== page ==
A Garden Is Like A Poem
Roberto Burle Marx


Roberto Burle Marx With His Paintings In The Library Of His Home Sitio Santo Antônio Da Bica, Rio De Janeiro State, 1981

©John Hedgecoe

I want to begin to speak about my childhood. Certainly if I would not have had a mother that was an artist, she was an artist and a very good singer and at the same time she liked so much plants. He influenced me strongly when I saw my mother cutting and pruning the trees and roses, and when they began to grow, this was a big emotion. I was at that period four years old. Then we came to Rio and she brought many of the roses that she had and we lived near the sea. But there was a wall who protected those plants. But her way of treating plants with such enormous love influenced me strongly during my whole life. Then we moved near the sea but we had a big house and a slope that was covered with trees and in that ambiance I began to live in contact with plants. My father, who came from Germany, he understood that I had a different way of feeling than my other brothers and he began to buy the most important reviews about gardens - that was with the age of fourteen years - and I began to organise my collection. It was a little collection but each plant represented for me a new person. And I remember the first alocasia cuprea that I got from an aunt, and I have had such a strong emotion that I couldn't sleep all night. Then in '28 we went to Germany. I lived one and a half years in Berlin. I think it was very important for me because that gave the direction in my whole life. Hearing music and going to theatre and concerts and to the Botanical Garden of Dahlem that was a fantastic botanical garden and I saw the first ecological formations or based on ecology they organised a part of the garden. I was learning because I was seeing. When you see with attention you learn always. I think in many occasions people don't know how to sea, and I think we learn to see. And at that period I was very, very curious. And for me, curiosity is one of the important things in life. I saw at that period a fantastic exhibition of Van Gogh and it was the beginning of my career as a painter. I began as a painter, studying in Berlin, and it was at that period in '29 that I saw in the Galerie Flechtheim the first Picassos, the first Paul Klee, the first Matisse. And I didn't understand, but was very much moved with those paintings. The images that I saw were so important that I never forgot what I saw at that period.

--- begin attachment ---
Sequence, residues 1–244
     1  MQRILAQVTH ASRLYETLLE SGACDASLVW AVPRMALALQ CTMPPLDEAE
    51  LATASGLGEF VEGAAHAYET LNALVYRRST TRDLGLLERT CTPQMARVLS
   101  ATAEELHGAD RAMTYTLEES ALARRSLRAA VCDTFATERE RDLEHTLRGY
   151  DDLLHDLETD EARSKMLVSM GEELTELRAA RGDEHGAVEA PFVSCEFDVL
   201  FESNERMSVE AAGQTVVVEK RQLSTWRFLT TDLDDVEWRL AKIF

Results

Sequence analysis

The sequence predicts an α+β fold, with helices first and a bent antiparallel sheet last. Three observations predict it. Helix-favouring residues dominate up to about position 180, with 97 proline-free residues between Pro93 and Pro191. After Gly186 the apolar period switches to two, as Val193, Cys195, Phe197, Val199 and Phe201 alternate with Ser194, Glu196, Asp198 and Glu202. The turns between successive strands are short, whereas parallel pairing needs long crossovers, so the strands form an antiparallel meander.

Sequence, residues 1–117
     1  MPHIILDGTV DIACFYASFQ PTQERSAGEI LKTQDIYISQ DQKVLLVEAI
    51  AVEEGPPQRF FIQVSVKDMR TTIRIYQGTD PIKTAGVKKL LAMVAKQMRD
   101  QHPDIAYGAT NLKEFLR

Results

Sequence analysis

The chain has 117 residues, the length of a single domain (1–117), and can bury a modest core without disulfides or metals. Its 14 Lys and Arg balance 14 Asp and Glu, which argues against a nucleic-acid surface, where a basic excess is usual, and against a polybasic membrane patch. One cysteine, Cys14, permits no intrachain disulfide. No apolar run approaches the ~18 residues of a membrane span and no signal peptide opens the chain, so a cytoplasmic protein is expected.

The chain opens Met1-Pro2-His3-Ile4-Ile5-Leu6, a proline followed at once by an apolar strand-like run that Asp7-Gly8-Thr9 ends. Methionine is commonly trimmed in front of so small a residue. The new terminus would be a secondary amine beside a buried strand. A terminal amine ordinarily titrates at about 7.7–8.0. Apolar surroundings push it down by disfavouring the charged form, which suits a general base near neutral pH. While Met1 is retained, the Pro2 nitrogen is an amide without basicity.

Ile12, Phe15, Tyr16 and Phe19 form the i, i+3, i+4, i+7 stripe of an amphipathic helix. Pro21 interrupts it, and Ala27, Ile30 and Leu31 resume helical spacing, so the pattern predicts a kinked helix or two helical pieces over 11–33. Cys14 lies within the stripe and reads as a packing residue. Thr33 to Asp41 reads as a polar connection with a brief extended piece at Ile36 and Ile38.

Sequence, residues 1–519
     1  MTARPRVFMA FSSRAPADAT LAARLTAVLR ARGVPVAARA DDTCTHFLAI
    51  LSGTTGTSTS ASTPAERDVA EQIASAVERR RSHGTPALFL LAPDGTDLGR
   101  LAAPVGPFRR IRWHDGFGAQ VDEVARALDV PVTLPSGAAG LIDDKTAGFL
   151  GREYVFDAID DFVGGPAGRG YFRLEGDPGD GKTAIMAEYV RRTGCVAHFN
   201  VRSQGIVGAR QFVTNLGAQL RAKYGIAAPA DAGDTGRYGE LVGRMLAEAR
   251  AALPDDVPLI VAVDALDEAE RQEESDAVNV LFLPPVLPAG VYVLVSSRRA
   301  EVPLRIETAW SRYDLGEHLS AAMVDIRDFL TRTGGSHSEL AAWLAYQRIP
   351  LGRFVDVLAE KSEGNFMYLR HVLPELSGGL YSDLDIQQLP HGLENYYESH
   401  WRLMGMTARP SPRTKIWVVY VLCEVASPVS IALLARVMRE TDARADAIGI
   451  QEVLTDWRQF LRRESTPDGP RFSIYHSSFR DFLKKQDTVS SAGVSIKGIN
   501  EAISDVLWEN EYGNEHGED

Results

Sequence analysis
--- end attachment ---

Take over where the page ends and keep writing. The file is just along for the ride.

Brazilian Plant

©Roberto Burle Marx

I began to discover our flora that I never saw in the Brazilian gardens. And I asked myself why we don't have those plants, those marvellous plants that I saw in the Botanical Garden of Dahlem. And when I came back in '29, I began to collect. My mother's garden - the garden of my family - she had enormous love for roses and carnations and other plants. But she understood the beauty of the philodendron, of the anthuriums, of many plants that I began to bring into our garden. And after two to three years, the garden was completely different because I was very much thrilled and the Brazilian plants gave me enormous emotion. From that time I began to do excursions bringing all these things that I didn't know. And then, in the Botanical Garden of Rio I learned very much seeing the plants, the size of the trees, that I could then apply to gardens. I went to the Beaux Arts School where I studied three years general courses, and Lúcio Costa who was a Director, he told me it would be very good if I would work towards landscape architecture because nobody was doing this in Brazil. In that sense, I can tell that I was the first who began that career in Brazil, because it was in the hands of principally European firms and gardeners, much more interested in importing European plants or foreign plants as using Brazilian plants. I began to create gardens only in '32. Lúcio Costa was living in our street and once he saw a combination of plants that I did in the garden, he told me I would like very much if you would do a garden for a house I've finished for a client. And I did the first rough drafts and they were not good. But he told me they are very good, and I began like that. In my life I was very lucky that I began in Rio to create a garden for the Education Ministry, and the rough drafts were made by Le Corbusier. Certainly the development was very much based on Lúcio Costa guidance and the other architects that made the part of that group - like Carlos Leon, Oscar Niemeyer, Eduardo Affonso Reidy, and at that period Le Corbusier came to Brazil and I learned very much hearing his way of thinking because he had such a poetical way of expressing himself. And I was hearing like somebody hears a music or a marvellous poem. I was learning from his knowledge. Because we inherit from other people that did architecture that we are dealing with art, we learn always when we are speaking together. Because we speak the same language.

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